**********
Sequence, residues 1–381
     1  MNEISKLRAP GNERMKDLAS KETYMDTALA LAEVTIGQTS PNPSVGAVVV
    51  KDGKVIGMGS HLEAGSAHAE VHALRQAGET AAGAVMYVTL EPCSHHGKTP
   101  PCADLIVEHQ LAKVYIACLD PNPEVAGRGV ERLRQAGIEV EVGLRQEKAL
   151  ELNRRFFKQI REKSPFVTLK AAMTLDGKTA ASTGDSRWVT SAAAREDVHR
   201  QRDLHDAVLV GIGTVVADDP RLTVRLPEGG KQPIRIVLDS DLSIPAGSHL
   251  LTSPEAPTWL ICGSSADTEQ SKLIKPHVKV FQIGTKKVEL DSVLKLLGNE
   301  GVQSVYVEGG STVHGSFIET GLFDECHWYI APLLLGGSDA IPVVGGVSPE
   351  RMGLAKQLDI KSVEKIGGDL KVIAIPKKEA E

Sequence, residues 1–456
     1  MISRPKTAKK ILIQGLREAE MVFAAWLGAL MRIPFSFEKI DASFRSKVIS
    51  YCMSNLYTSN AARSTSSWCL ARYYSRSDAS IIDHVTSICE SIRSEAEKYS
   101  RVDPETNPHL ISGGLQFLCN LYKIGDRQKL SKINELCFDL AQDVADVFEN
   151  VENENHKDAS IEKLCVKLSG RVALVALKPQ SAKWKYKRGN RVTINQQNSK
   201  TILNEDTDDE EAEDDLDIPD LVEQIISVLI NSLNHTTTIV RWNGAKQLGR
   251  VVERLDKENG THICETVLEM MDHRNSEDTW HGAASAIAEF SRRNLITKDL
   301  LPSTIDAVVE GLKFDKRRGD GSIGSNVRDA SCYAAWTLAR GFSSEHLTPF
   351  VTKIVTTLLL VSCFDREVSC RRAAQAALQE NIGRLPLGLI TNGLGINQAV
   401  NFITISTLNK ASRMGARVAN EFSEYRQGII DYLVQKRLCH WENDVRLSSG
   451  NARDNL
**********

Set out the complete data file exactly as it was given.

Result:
Sequence, residues 1–381
     1  MNEISKLRAP GNERMKDLAS KETYMDTALA LAEVTIGQTS PNPSVGAVVV
    51  KDGKVIGMGS HLEAGSAHAE VHALRQAGET AAGAVMYVTL EPCSHHGKTP
   101  PCADLIVEHQ LAKVYIACLD PNPEVAGRGV ERLRQAGIEV EVGLRQEKAL
   151  ELNRRFFKQI REKSPFVTLK AAMTLDGKTA ASTGDSRWVT SAAAREDVHR
   201  QRDLHDAVLV GIGTVVADDP RLTVRLPEGG KQPIRIVLDS DLSIPAGSHL
   251  LTSPEAPTWL ICGSSADTEQ SKLIKPHVKV FQIGTKKVEL DSVLKLLGNE
   301  GVQSVYVEGG STVHGSFIET GLFDECHWYI APLLLGGSDA IPVVGGVSPE
   351  RMGLAKQLDI KSVEKIGGDL KVIAIPKKEA E

Sequence, residues 1–456
     1  MISRPKTAKK ILIQGLREAE MVFAAWLGAL MRIPFSFEKI DASFRSKVIS
    51  YCMSNLYTSN AARSTSSWCL ARYYSRSDAS IIDHVTSICE SIRSEAEKYS
   101  RVDPETNPHL ISGGLQFLCN LYKIGDRQKL SKINELCFDL AQDVADVFEN
   151  VENENHKDAS IEKLCVKLSG RVALVALKPQ SAKWKYKRGN RVTINQQNSK
   201  TILNEDTDDE EAEDDLDIPD LVEQIISVLI NSLNHTTTIV RWNGAKQLGR
   251  VVERLDKENG THICETVLEM MDHRNSEDTW HGAASAIAEF SRRNLITKDL
   301  LPSTIDAVVE GLKFDKRRGD GSIGSNVRDA SCYAAWTLAR GFSSEHLTPF
   351  VTKIVTTLLL VSCFDREVSC RRAAQAALQE NIGRLPLGLI TNGLGINQAV
   401  NFITISTLNK ASRMGARVAN EFSEYRQGII DYLVQKRLCH WENDVRLSSG
   451  NARDNL